in "the Ahasuerus t?te ? t?te banquet"
with its "good monster, lead the way,"
with little laughter
and munificence of humor
in that quixotic atmosphere of frankness
in which "Four o'clock does not exist
but at five o'clock
the ladies in their imperious humility
are ready to receive you";
in which experience attests
that men have power
and sometimes one is made to feel it.
He says, "what monarch would not blush
to have a wife
with hair like a shaving-brush?
The fact of woman
is not `the sound of the flute
but every poison.
She says, "`Men are monopolists
of stars, garters, buttons
and other shining baubles' --
unfit to be the guardians
of another person's happiness.
He says, "These mummies
must be handled carefully --
`the crumbs from a lion's meal,
a couple of shins and the bit of an ear';
turn to the letter M
and you will find
that `a wife is a coffin,'
that severe object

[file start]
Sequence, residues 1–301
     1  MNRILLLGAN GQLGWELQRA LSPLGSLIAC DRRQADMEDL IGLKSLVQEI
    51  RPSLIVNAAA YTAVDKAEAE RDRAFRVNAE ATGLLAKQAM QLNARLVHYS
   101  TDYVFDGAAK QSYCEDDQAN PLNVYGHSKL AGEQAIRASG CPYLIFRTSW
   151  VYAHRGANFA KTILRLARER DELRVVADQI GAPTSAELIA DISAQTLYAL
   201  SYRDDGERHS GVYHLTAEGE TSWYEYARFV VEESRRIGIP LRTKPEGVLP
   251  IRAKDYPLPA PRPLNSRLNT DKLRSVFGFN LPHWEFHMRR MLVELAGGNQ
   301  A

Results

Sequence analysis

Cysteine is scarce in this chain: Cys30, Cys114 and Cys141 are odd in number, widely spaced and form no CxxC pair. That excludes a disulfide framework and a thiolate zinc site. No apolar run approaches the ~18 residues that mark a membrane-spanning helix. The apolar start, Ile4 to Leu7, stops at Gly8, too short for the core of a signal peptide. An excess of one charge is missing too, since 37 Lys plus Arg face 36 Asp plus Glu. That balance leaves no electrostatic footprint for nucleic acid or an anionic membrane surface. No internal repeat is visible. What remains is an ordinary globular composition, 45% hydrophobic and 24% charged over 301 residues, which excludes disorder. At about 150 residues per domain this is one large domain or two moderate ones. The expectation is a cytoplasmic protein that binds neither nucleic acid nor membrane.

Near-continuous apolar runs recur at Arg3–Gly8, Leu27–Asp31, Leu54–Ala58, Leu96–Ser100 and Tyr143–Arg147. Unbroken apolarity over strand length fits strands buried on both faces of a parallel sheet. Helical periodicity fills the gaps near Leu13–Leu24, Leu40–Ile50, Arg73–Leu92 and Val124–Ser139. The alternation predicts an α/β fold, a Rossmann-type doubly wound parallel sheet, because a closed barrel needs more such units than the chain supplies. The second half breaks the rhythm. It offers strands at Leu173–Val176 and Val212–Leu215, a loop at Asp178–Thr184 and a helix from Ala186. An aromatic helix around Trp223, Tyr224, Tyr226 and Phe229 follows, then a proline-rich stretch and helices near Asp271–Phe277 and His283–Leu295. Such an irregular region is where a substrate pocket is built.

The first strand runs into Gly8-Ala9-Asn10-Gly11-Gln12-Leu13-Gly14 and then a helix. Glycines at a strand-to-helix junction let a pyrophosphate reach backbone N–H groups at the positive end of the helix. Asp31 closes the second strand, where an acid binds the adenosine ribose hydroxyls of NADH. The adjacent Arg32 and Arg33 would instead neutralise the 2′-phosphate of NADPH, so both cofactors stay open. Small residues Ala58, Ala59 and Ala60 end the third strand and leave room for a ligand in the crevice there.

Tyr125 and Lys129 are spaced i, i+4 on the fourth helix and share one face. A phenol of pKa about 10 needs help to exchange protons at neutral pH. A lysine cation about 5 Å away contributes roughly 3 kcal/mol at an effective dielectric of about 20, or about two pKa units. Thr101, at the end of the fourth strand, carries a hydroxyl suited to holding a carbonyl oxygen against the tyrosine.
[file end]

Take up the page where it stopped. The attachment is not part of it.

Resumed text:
with the pleasing geometry
stipulating space and not people,
refusing to be buried
and uniquely disappointing,
revengefully wrought in the attitude
of an adoring child
to a distinguished parent.
She says, "This butterfly,
this waterfly, this nomad
that has `proposed
to settle on my hand for life.
What can one do with it?
There must have been more time
in Shakespeare's day
to sit and watch a play.
You know so many artists are fools.
He says, "You know so many fools
who are not artists.
The fact forgot
that "some have merely rights
while some have obligations,"
he loves himself so much,
he can permit himself
no rival in that love.
She loves herself so much,
she cannot see herself enough --
a statuette of ivory on ivory,
the logical last touch